After racing home from school on my Schwinn banana seat bike with the orange flagpole blowing in the wind, I throw my ride to the ground and toss my Evil Knevil lunch box on the steps of the house. I briefly pause, only long enough to kiss mom. I grab a couple ding-dongs, my baseball cards and bubble yum. I am ready to play!
I fire up the big wheel and peel out down the sidewalk. With my neighborhood friends at my side, we head for an empty field, a tree or someone’s backyard trampoline. It doesn’t matter. We are free to do anything and to go anywhere (at least until 6:00 dinner when everyone asks who is having Kraft Macaroni and Cheese so we can get asked over). This was being a kid; this was true adventure and an unforgettable time.
A lot has changed since 1974. Today kids know smart phones, Facebook, and texting. Times change, but progress doesn’t always equate to something better for our kids. Here is some solid data to ponder:
- Today the average kid spends 1,197 minutes per week behind the TV. I watched my fair share of The Brady Bunch and The Partridge Family but today it’s Jersey Shore, South Park, Bad Girl’s Club and the Family Guy.
- That same child will spend only 38.5 minutes of meaningful conversation with their parents in the same week.
- That child will witness 200,000 violent acts and 16,000 murders on TV before age 18.
- 75% of all kids ages 12-17 own a cell phone
- They average 3600 texts per month
- 160,000 students stay home every day for fear of being bullied
A lot has changed. Sure, kids worry about the same things like being accepted by other kids, wearing the right clothes, or not getting picked last for the dodge ball game. But they also worry about other stuff too, stuff typically reserved for adults.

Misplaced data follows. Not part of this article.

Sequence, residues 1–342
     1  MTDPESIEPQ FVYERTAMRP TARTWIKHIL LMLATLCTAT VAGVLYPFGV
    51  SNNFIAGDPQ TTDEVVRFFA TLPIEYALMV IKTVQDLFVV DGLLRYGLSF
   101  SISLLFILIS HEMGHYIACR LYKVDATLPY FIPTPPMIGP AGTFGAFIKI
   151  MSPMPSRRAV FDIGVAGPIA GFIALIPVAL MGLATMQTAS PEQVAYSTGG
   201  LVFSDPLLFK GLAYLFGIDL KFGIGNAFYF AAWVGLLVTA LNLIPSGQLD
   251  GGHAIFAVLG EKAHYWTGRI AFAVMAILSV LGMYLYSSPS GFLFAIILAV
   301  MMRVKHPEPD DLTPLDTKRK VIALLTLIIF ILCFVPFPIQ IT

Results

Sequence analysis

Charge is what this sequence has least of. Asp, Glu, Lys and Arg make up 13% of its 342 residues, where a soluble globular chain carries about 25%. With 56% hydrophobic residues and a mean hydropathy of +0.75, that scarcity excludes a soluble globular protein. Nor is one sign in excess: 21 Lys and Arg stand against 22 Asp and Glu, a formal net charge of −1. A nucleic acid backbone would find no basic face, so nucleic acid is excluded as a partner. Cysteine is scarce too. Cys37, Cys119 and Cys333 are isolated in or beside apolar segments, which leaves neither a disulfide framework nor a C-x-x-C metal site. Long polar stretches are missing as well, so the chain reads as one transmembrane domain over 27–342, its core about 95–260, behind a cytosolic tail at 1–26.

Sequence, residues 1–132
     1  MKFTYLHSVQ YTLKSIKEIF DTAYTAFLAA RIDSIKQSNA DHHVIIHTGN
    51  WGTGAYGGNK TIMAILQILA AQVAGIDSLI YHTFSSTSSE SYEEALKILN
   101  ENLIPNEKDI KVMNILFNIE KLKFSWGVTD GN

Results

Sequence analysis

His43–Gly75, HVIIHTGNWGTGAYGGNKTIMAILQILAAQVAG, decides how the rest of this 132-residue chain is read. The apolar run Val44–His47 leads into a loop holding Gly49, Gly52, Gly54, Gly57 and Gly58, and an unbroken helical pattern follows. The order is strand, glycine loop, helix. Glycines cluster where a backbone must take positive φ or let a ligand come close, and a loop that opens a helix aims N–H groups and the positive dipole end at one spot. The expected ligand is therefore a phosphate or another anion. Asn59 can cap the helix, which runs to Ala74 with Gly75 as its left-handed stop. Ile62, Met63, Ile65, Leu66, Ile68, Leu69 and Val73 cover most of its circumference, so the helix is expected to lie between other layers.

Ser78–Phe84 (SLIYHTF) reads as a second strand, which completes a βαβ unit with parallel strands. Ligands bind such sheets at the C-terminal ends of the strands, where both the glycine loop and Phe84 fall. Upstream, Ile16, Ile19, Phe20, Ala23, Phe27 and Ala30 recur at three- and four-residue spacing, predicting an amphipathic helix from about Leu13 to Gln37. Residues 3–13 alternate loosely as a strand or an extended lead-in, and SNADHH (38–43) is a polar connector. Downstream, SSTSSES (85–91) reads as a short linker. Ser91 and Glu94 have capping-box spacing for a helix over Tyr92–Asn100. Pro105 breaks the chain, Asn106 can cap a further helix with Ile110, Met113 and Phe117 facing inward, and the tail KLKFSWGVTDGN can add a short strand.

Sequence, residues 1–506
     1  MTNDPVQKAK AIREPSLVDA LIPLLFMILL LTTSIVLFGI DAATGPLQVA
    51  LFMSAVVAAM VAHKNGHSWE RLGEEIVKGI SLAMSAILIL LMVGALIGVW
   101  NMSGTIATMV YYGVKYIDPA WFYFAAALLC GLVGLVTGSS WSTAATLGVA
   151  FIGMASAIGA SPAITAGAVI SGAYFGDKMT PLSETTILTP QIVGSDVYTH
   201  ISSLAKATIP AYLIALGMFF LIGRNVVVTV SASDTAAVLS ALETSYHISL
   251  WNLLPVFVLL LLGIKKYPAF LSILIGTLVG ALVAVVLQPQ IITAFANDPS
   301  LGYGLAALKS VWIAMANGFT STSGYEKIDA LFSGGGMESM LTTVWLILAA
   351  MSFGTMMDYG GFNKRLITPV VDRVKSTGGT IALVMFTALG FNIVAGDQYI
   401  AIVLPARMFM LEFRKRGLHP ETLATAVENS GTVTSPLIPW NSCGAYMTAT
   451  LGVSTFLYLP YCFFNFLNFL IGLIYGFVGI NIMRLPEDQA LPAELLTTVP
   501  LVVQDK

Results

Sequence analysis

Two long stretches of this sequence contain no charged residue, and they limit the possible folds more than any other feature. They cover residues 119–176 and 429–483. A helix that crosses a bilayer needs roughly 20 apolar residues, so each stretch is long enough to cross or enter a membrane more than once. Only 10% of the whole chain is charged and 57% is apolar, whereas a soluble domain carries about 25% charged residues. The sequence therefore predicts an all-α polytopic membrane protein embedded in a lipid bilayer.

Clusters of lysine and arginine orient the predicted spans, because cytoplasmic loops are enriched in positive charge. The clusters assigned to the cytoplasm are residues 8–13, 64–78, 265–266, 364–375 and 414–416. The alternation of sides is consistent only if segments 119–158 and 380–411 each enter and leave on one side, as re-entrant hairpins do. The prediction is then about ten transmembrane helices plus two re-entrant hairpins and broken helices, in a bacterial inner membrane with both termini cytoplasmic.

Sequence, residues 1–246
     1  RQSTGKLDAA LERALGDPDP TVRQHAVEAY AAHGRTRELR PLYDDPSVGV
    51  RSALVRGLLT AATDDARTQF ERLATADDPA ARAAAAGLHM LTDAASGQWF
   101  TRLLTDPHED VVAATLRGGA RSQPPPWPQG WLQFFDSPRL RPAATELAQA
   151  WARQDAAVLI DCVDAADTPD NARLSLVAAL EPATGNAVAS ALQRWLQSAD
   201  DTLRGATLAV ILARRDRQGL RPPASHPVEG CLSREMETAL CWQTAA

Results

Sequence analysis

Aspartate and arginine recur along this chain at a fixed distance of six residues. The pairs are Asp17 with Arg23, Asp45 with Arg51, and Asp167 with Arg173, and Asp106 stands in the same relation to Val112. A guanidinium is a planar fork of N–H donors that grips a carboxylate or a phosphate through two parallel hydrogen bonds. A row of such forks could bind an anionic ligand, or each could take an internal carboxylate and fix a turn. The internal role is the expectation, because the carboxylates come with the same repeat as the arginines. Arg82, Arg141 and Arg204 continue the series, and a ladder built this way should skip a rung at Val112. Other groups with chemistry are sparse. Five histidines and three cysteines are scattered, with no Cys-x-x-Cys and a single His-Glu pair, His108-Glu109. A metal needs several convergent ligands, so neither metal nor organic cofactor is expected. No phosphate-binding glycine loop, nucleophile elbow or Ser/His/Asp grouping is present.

But one very important thing hasn’t changed. One thing has remained the same for eons, no matter what else has gone on around us – kids have always and will always want, desire, and need to play. The simple act of being a child and having fun teaches lessons more valuable than you can imagine.
Since 2000 our kids have lost on average 12 hours of free time per week. Of this 12 hours, 8 hours are lost unstructured or ‘creative’ time. And it is this invaluable play time that teaches our kids to solve conflicts, master emotional tasks of development and the learn a social culture. Less face time, more Facebook. Less real time, more reality tv. The combination of our loss of play and increase in artificial entertainment is blurring the lines of what is reality, what is private, what is friend and it is having an impact on our children.
So what is so important about play and how can bringing it back help us grow a healthier child? The following is a list of things we should be giving our kids and is credited to Dr. Robert B. Ditter:
1. The Opportunity to Experience a Sense of Wonder
Our kids are hardwired to explore their world, to be hands-on and allow their curiosity to flourish. This intrinsically means an experience with the outdoors and with nature.
2. The Opportunity to Create and Play with Abandon
It is through play that our kids learn about the word, act out their emotions and create a sense of self esteem and worth immeasurable from anywhere else.
3. The Opportunity to be in a Community that is Inter-generational
Consistent exposure to persons of varying age, race, religion and ethnicity provide for a greater understanding of others, themselves and our world.
4. The Opportunity for Meaningful Connection with Someone Who Cares
Sounds so simple, but a video game just doesn’t even come close.
5. The Opportunity to Experience Hope and Overcome Fear and Doubt
All to often we take away the opportunities to overcome fear and doubt because we never let our kids experience it appropriately. Rest assured they will deal with fear and failure. Better we provide them with the tools to overcome them now.
6. The Opportunity to Express Gratitude
Teaching our kids to be humble and grateful for so much is a lesson that will provide them with a greater propensity for happiness their entire life
This is what we as parents and communities need to instill in our kids. We must facilitate fun and ensure that ‘play’ is treated with a greater importance and that meaningful conversation involves taking time to look them in the eye and be in their presence. Our kids must play hard, and jump, swim, throw, catch, skip, dance, crash, run, and laugh. They must take to the yard and build a fort and make mud pies. They must pretend to be super hero’s and run like mad through the sprinkler. Because we can not expect to raise healthy and happy adults if we don’t grow happy and healthy kids.
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